delivery of early discharge following elective CS, and although this highlights the

challenge of achieving organisational change, provides a blueprint for obstetric units

to implement the pathway to the likely benefit of both patients and services.

Keywords: caesarean section; consensus development; clinical pathways; practice

guideline; obstetrics

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Introduction Caesarean section (CS) is one of the commonest surgical procedures performed by

the NHS. In 2013-14, over 73,000 (44%) were planned or elective operations1.

Compared with spontaneous birth, CS is associated with prolonged hospital stay,

despite recommendations by the UK National Institute for Health and Care

Excellence (NICE)2.

The concept of enhanced recovery (ER) after surgery has been used for more than

a decade3 and is supported by a 5-year improvement scheme, the NHS Enhanced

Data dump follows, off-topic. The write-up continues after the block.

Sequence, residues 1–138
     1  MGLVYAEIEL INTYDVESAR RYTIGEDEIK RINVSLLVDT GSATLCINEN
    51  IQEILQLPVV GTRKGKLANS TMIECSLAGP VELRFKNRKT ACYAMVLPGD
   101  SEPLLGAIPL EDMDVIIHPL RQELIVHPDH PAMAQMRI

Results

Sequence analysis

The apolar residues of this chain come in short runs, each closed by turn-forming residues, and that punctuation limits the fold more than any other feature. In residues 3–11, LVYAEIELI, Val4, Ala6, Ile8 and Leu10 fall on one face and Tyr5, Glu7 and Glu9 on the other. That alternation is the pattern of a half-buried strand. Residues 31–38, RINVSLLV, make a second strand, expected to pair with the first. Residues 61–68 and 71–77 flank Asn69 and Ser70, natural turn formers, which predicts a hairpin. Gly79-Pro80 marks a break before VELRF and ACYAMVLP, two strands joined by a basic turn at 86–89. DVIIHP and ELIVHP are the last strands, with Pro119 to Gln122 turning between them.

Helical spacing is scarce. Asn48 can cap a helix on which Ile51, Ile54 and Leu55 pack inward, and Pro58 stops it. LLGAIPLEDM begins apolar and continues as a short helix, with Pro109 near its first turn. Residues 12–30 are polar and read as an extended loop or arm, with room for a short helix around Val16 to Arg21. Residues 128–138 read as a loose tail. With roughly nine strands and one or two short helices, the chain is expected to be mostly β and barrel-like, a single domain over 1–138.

Recovery Partnership Programme4.Women have signalled a strong desire for swift

and safe ER, and earlier discharge, provided their care needs are met5. In keeping

with this, the proportion of women leaving hospital the day after elective CS rose

from 7% in 2010-11, to 13.6% in 2013-141. This suggests that some principles of ER are

being applied to CS in UK units but practice is inconsistent610.

Quality Improvement (QI) interventions are increasingly utilised to enhance health

service delivery and can be used to reduce variations in care11. We therefore aimed to

identify current practice through a survey of UK maternity units, and reach

consensus on an enhanced recovery clinical pathway, with inbuilt QI components, for

elective CS via an expert consensus workshop.

Methods

Study design

An online survey was used to identify current clinical practice in UK maternity units,

as an efficient way of collecting basic information on elective CS12. Completion of the

online questionnaire was taken as implied consent to participate. The Nominal Group

Technique (NGT) was used with an expert panel of health professionals and mothers

with experience of elective CS. NGT is an interactive multi-stage process designed to

combine opinion into group consensus during a structured face-to-face meeting13,14.

It sets out to generate a wide range of ideas, encourage equal participation, avoid